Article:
There are basically three types of search engines: Those that are powered by crawlers, or spiders; those that are powered by human submissions; and those that are a combination of the two.
- Crawler-based engines send crawlers, or spiders, out into cyberspace. These crawlers visit a Web site, read the information on the actual site, read the site's meta tags and also follow the links that the site connects to. The crawler returns all that information back to a central depository where the data is indexed. The crawler will periodically return to the sites to check for any information that has changed, and the frequency with which this happens is determined by the administrators of the search engine.
- Human-powered search engines rely on humans to submit information that is subsequently indexed and catalogued. Only information that is submitted is put into the index.
In both cases, when you query a search engine to locate information, you are actually searching through the index that the search engine has created; you are not actually searching the Web. These indices are giant databases of information that is collected and stored and subsequently searched.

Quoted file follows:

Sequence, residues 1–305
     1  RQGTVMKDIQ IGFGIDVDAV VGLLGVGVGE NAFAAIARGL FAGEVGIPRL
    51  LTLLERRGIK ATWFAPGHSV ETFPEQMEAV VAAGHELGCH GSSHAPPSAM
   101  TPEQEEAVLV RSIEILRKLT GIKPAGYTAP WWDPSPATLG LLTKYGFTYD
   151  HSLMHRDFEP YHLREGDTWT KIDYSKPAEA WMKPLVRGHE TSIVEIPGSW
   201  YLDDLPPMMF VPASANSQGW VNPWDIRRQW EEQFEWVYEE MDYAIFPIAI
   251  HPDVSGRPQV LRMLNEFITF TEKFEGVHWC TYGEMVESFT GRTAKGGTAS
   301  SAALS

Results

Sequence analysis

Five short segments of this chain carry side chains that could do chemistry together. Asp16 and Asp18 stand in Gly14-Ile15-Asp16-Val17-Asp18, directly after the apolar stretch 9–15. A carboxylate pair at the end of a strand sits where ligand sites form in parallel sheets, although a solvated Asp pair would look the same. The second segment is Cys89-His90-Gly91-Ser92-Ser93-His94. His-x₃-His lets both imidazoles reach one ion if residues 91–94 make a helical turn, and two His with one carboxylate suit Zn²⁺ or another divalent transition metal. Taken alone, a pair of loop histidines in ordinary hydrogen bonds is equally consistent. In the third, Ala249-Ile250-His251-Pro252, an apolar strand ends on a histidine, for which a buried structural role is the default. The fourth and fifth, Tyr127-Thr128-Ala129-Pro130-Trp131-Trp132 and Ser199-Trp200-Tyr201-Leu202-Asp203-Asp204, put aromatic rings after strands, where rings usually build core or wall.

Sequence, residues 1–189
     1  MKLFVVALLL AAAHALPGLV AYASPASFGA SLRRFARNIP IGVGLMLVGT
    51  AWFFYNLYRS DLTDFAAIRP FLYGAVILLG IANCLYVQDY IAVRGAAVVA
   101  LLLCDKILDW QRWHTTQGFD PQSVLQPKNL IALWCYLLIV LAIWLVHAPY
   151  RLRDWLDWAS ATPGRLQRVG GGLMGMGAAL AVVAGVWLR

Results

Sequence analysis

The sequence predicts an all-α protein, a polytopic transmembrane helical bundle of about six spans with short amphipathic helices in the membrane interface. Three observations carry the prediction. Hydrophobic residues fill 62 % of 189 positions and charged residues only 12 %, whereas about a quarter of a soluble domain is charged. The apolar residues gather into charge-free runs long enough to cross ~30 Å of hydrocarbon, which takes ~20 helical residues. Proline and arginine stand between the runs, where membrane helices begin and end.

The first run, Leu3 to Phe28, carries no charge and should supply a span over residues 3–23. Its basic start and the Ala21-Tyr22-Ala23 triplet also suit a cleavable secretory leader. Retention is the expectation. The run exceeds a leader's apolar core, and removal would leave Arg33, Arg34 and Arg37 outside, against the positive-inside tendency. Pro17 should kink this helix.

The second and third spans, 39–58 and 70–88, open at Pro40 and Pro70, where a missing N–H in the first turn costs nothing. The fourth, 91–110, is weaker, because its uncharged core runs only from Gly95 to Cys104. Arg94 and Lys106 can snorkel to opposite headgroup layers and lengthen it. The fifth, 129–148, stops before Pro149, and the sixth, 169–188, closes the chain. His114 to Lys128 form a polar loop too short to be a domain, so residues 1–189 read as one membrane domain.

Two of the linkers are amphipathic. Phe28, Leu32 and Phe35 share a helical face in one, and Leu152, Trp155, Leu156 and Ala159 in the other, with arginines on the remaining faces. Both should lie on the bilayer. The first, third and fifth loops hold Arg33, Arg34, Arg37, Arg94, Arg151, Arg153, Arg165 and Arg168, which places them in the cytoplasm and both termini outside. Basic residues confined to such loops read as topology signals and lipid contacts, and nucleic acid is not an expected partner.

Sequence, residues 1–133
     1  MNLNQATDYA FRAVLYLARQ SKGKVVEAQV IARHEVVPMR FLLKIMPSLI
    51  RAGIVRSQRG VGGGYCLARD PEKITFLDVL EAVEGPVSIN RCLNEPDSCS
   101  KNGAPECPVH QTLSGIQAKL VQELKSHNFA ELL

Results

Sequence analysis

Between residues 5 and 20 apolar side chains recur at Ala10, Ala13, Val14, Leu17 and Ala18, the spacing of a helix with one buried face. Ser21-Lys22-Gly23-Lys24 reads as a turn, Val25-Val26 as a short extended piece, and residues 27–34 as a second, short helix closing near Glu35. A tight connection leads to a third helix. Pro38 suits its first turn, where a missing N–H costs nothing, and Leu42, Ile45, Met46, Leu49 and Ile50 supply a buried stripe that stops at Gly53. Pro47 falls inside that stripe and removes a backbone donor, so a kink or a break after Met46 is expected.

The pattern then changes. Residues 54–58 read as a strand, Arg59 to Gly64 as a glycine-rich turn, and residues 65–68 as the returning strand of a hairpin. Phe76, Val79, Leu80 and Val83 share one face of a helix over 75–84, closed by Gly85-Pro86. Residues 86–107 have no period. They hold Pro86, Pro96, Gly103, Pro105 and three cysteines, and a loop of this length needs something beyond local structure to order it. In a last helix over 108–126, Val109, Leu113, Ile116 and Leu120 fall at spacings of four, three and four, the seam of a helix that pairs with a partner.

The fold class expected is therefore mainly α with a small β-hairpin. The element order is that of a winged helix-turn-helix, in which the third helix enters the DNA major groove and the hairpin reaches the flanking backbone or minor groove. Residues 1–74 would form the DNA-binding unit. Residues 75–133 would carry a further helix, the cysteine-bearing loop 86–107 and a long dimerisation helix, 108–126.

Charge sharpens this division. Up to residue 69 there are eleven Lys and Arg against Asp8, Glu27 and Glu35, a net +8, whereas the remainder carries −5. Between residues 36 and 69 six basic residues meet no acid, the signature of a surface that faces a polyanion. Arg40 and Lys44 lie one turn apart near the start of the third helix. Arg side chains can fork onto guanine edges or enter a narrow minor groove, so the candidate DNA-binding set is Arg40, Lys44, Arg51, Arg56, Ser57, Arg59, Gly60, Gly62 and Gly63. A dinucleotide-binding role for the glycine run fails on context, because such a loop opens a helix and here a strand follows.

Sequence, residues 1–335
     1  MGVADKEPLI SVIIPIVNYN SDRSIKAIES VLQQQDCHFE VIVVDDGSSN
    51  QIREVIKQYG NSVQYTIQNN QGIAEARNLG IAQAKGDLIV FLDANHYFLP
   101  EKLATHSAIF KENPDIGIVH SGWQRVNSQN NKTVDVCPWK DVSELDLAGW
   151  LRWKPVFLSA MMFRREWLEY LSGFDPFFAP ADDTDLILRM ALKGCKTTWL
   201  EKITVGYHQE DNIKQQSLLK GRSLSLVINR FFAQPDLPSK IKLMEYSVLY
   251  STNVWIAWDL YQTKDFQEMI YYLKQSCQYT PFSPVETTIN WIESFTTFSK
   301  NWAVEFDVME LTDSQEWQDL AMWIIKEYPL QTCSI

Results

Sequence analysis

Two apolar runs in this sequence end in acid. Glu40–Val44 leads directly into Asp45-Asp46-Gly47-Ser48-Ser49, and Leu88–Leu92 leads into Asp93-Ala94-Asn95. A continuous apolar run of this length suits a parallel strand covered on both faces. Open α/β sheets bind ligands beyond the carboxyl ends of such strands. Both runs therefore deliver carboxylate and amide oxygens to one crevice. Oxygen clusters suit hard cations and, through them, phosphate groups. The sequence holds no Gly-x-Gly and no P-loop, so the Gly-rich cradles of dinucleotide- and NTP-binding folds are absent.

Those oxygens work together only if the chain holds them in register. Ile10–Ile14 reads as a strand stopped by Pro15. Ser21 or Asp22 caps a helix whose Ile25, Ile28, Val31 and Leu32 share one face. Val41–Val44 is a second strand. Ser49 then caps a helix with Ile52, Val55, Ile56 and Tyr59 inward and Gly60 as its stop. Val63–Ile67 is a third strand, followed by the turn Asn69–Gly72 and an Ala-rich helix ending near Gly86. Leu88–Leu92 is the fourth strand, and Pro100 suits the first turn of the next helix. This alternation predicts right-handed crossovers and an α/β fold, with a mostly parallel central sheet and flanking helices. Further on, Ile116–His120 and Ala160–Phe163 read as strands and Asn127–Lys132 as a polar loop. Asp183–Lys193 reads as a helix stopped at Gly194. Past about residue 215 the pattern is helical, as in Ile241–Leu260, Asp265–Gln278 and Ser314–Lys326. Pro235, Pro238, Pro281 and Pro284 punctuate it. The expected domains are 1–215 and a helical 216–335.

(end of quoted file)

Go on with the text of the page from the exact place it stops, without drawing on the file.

This explains why sometimes a search on a commercial search engine, such as Yahoo! or Google, will return results that are in fact dead links. Since the search results are based on the index, if the index hasn't been updated since a Web page became invalid the search engine treats the page as still an active link even though it no longer is. It will remain that way until the index is updated.
So why will the same search on different search engines produce different results? Part of the answer to that is because not all indices are going to be exactly the same. It depends on what the spiders find or what the humans submitted. But more important, not every search engine uses the same algorithm to search through the indices. The algorithm is what the search engines use to determine the relevance of the information in the index to what the user is searching for.
One of the elements that a search engine algorithm scans for is the frequency and location of keywords on a Web page. Those with higher frequency are typically considered more relevant. But search engine technology is becoming sophisticated in its attempt to discourage what is known as keyword stuffing, or spamdexing.
Another common element that algorithms analyze is the way that pages link to other pages in the Web. By analyzing how pages link to each other, an engine can both determine what a page is about (if the keywords of the linked pages are similar to the keywords on the original page) and whether that page is considered "important" and deserving of a boost in ranking. Just as the technology is becoming sophisticated enough to ignore keyword stuffing, it is also becoming savvier to Web masters who build artificial links into their sites in order to build an artificial ranking.
For more information:
- Search Engines: What they Are, How They Work, and Practical Suggestions for Getting the Most Out of Them
- How Search Engines Work
Adapted from webopedia.com.
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